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Business & Economy

Vivarail turns County Durham site into national research hub after jobs boost

An eco-friendly passenger train manufacturer has turned its County Durham base into a national research and development hub after creating 30 jobs ahead of schedule.

Vivarail has extended its site in Seaham as a base to drive forward innovation, while it is also being used to work on complex electrical wiring and air conditioning units.

Opened in 2017 to complement a site near Stratford-upon-Avon by assembling power units – in a move supported by Business Durham – the firm says the calibre of its North East recruits convinced them to make Seaham the business’ innovation hub.

Vivarail has doubled the size of the Seaham site by adding an additional unit to complement an original 11,000sq ft space. The company has committed to investing up to £100,000 at Seaham and has been supported by £640,000 of grant funding awarded by Innovate UK.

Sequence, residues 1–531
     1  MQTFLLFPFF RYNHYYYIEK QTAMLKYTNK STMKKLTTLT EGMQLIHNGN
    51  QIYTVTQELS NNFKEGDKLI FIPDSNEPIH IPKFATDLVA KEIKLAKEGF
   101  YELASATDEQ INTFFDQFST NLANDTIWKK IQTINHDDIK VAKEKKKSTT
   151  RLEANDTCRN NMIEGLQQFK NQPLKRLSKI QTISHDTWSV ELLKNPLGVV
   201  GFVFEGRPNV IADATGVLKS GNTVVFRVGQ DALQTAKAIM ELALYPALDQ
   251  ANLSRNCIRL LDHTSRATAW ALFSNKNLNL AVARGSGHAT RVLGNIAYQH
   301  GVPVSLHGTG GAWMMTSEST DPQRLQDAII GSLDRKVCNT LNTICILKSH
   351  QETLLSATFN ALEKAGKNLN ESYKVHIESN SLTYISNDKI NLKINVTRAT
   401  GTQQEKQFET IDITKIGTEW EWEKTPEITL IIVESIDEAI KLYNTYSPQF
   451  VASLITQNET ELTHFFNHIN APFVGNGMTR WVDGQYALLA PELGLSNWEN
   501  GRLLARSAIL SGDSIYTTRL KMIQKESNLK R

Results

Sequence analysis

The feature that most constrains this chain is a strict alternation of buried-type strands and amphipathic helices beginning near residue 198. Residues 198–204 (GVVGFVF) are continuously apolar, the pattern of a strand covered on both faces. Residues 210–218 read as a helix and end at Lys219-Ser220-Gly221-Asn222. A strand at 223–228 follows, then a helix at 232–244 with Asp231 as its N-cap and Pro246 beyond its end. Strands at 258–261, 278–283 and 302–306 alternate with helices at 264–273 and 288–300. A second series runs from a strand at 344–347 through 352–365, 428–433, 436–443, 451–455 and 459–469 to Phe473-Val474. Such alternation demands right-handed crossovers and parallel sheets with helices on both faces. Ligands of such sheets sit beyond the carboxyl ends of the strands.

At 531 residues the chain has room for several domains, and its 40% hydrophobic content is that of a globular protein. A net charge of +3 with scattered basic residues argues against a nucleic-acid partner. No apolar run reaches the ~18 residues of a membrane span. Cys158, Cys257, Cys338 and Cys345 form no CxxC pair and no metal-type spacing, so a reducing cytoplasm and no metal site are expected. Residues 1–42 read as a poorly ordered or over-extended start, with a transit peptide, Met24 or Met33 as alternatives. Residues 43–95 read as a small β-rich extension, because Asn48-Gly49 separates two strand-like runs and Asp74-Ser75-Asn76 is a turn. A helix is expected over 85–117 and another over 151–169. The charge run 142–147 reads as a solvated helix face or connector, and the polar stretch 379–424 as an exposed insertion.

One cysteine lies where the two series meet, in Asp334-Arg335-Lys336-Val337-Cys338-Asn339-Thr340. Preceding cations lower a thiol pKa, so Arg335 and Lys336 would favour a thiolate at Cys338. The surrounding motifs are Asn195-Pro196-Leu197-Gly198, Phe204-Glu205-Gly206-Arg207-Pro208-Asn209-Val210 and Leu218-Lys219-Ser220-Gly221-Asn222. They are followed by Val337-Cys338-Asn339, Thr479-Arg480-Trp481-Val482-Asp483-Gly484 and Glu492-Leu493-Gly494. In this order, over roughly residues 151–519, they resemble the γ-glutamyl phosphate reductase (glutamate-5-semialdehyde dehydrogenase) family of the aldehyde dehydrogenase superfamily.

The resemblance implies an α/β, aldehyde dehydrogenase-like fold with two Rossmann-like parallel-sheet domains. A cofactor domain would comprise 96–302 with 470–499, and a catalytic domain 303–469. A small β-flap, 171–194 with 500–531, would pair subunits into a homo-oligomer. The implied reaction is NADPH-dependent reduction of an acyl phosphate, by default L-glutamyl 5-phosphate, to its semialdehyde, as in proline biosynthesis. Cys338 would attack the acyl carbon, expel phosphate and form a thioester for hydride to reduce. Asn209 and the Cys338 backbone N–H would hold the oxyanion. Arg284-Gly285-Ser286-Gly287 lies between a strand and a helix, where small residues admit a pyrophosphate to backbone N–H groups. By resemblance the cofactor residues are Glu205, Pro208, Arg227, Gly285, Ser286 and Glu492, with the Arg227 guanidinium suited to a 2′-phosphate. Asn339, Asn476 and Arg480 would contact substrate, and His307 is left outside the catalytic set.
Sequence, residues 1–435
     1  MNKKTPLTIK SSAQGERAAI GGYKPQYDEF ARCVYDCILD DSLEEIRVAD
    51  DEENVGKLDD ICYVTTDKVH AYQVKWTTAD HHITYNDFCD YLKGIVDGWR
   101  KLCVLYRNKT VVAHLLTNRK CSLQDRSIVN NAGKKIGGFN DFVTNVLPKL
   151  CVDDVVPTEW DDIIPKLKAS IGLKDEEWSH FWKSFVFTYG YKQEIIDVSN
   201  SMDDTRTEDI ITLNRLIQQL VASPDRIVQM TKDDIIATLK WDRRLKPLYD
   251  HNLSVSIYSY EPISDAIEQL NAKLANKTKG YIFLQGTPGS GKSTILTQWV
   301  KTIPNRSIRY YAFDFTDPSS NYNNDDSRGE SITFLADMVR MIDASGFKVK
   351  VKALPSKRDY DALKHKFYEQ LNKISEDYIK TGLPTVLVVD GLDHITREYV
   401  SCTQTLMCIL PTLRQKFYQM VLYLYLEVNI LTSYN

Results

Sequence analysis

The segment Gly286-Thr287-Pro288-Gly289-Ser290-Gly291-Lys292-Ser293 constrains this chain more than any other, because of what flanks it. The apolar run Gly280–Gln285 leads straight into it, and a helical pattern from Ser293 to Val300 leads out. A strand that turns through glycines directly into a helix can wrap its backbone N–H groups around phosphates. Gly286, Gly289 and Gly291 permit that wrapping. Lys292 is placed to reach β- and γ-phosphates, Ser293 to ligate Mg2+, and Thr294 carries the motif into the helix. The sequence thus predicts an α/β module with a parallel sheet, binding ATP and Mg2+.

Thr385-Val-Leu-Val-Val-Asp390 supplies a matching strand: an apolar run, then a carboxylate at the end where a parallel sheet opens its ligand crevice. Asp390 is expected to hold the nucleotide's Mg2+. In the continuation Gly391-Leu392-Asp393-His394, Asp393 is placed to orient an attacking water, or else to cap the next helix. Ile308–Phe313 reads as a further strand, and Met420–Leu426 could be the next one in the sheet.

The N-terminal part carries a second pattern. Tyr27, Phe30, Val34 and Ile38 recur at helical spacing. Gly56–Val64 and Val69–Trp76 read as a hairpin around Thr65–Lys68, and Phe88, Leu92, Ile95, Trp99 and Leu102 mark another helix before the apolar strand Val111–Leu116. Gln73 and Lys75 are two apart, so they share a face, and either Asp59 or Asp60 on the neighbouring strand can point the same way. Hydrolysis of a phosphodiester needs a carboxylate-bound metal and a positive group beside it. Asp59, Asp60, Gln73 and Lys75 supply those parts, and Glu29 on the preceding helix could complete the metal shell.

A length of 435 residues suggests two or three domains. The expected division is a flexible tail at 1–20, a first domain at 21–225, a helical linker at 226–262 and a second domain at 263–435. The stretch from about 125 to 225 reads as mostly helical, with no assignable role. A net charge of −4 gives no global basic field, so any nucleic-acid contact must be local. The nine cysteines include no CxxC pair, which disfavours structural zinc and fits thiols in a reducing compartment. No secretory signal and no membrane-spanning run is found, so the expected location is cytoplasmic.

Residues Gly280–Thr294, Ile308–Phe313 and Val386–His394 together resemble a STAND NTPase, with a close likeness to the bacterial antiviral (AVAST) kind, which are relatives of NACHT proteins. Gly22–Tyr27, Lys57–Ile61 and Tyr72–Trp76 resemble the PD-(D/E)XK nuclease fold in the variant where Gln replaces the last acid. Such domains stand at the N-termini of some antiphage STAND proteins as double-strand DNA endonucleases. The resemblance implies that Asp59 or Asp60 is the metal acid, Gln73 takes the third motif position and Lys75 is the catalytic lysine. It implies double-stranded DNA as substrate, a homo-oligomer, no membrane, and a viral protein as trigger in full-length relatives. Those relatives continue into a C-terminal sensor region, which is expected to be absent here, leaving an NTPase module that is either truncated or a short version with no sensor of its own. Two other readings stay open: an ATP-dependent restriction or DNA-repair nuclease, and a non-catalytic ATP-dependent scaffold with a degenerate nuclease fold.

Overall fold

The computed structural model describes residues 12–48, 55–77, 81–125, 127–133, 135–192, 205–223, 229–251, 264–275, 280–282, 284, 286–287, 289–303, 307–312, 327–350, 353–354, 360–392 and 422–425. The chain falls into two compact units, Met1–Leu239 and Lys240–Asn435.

Formed in 2013 to create commuter trains, Vivarail’s new Class 230 train, which offers lower fuel consumption and low emissions, is built from lightweight aluminium bodyshells with Bombardier Flex 1000 bogies from existing early-retired stock.

By re-using these parts, Vivarail has saved hundreds of tonnes of metal from being scrapped, as well as the resources and energy needed to build the trains from scratch.

The company’s first passenger trains went into service in April 2019 on the Marston Vale line between Bedford and Bletchley, operated by West Midlands Trains, with air conditioning systems developed at Seaham.

Adrian Shooter, company founder and chief executive, said: “We are building the trains of the future.

“Moving to County Durham and having the flexibility to add another unit has allowed us to expand our business more quickly than planned. It gives us access to a pool of talented workers, including engineers, technicians and fitters, and the benefit of good transport links between our two locations.”

Caroline Taukulis, business engagement team manager at Business Durham, added: “Vivarail’s arrival has been a welcome addition to what is an increasingly important industry in the region.

“Their investment is great for jobs and the local economy and highlights the facilities and skills we have to offer.”

Vivarail’s hybrid Class 230 trains using diesel units assembled in Seaham are being tested at Stratford ready to go into service with Transport for Wales later in the year.